DES MOINES, Iowa (AP) — Hillary Clinton is bringing in Al Gore as her closer on climate change as she struggles to appeal to young voters who consider the issue a priority.
Vice president during her husband’s eight years in the White House and a longtime environmental activist, Gore will join the Democratic presidential candidate at a rally in Miami Tuesday. During the event, Clinton will emphasizing her plans to develop more clean energy, reduce fossil fuel production and build more weather-resistant infrastructure. She will also continue her attacks on Republican Donald Trump.
Speaking at Ohio State University Monday night, Clinton said: “I’m running against somebody who doesn’t believe in climate change or at least he says he doesn’t, who has even said he thinks it’s a hoax created by the Chinese.”
During the primary contest against progressive Vermont Sen. Bernie Sanders, Clinton offered clean energy plans and came out against the Keystone XL Pipeline, which is opposed by environmentalists.
“Climate change is one of the issues where the difference between Hillary Clinton and Donald Trump is night and day,” said Clinton spokesman Brian Fallon. “For many of the core supporters we are seeking to galvanize in the remaining weeks of the campaign, including young voters, communicating the boldness of her plan is important.”
Trump has repeatedly questioned climate change and said he plans to “renegotiate” the Paris Climate Agreement, an international treaty designed to curb the rise in global temperatures.
The world is on pace for the hottest year on record, breaking marks set in 2015, 2014, and 2010. It is about 1.8 degrees warmer than a century ago. Scientists have also connected man-made climate change to deadly heat waves, droughts and flood-inducing downpours.
Gore explored global warming in his 2006 documentary, “An Inconvenient Truth.”
Advocacy group NextGen Climate, founded by billionaire environmentalist Tom Steyer, is backing Clinton and has put $25 million into a millennial outreach program. Their surveys of young people showed that early in the summer, many did not see a difference between Clinton and Trump on climate, but as they learned more, they moved toward Clinton.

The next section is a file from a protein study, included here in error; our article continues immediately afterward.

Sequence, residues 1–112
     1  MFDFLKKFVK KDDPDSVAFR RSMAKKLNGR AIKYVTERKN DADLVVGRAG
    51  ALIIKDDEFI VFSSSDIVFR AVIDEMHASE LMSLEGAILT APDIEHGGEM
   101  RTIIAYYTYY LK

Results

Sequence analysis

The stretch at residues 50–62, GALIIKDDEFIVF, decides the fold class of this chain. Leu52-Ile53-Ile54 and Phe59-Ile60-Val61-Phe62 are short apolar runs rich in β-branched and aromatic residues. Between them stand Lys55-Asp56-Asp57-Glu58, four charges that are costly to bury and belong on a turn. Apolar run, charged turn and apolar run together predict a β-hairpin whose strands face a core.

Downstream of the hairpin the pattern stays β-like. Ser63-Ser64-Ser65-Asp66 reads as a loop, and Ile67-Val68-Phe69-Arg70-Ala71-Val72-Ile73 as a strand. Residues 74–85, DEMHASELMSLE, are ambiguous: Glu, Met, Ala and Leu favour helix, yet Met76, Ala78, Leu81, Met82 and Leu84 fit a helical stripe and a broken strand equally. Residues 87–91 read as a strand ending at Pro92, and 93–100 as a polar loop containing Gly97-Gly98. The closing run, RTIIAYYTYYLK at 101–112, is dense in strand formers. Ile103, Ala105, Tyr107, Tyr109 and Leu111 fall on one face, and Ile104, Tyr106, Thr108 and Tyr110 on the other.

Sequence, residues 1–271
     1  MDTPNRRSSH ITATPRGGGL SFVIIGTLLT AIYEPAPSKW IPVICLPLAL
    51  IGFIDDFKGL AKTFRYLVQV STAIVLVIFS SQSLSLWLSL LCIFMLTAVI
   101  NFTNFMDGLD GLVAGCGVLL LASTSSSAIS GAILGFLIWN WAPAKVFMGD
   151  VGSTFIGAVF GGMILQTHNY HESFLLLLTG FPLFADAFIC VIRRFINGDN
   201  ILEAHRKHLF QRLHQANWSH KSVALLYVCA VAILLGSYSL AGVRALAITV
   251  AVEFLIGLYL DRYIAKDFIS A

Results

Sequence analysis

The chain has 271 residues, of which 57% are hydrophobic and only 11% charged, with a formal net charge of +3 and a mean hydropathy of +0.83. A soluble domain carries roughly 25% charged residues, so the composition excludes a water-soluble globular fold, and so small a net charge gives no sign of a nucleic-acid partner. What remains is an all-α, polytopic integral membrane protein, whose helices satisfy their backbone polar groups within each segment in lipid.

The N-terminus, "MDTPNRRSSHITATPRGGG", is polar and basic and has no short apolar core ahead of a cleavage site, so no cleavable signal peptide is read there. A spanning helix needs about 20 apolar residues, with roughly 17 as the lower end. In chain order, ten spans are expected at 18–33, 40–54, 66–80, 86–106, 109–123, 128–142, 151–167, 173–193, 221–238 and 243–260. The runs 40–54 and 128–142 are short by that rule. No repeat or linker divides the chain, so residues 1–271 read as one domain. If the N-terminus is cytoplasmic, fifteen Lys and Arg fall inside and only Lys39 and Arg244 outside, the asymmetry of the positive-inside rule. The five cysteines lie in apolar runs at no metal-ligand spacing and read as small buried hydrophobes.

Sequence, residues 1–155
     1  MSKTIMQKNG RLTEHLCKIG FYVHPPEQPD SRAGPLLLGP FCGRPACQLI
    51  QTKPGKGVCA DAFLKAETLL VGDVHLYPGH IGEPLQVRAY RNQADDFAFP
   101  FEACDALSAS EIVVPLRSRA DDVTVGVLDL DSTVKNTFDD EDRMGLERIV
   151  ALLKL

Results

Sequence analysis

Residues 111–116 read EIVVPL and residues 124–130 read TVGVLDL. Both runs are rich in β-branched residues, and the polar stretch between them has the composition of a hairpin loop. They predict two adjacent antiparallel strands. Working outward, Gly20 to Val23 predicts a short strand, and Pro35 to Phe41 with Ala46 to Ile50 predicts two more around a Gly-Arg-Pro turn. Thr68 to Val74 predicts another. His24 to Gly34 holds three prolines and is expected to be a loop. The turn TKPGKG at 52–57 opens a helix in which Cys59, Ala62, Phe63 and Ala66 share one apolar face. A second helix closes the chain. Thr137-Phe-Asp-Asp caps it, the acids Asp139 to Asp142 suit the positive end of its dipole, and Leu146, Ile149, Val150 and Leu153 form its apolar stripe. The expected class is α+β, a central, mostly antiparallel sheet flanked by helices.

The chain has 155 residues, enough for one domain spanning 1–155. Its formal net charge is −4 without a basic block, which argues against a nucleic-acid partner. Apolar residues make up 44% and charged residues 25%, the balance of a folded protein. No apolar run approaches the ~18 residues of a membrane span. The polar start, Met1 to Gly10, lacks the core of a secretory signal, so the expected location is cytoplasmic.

At the rally was Miami Dade College student Adam Demayo, 24, who said climate change is his top concern.
“Every beach I go to is polluted,” said Demayo, a former Sanders supporter who said he is reluctantly voting for Clinton. “My children are going to, like, die. I want to dedicate my life to saving the planet.”
Despite Clinton’s promotion of energy policies aimed at lessening climate change, there has not always been unanimity among her campaign aides about how strong that support should be. A message released Tuesday by Wikileaks from Clinton campaign chairman John Podesta’s hacked email account shows some aides were not totally on board with Clinton’s promise in June 2015 to raise fees on companies involved in oil exploration and fossil fuel production on federal land.
Clinton had broached the idea in her campaign launch speech in June 2015, but raising energy royalties could be politically explosive in western states where oil and gas firms have spent billions of dollars on extracting fuels.
In July 2015, campaign speechwriting director Dan Schwerin told Podesta in an email that “I think we’re going to have to make peace with our fossil fuels royalties, since she’s already promised that.”
On July 15, 2015, Clinton said she wanted to raise fees and phase out fuel extraction operating on public lands, but warned it could not be done quickly because “we still have to run our economy, we still have to turn on the lights.”
The leaked emails also show a discussion on how Clinton could show her opposition to the Keystone XL pipeline. Wrote Schwerin on August 7, 2015: “We are trying to find a good way to leak her opposition to the pipeline without her having to actually say it and give up her principled stand about not second-guessing the president in public.”
Clinton announced her opposition during a town hall in Iowa the following month, in response to a question from the audience.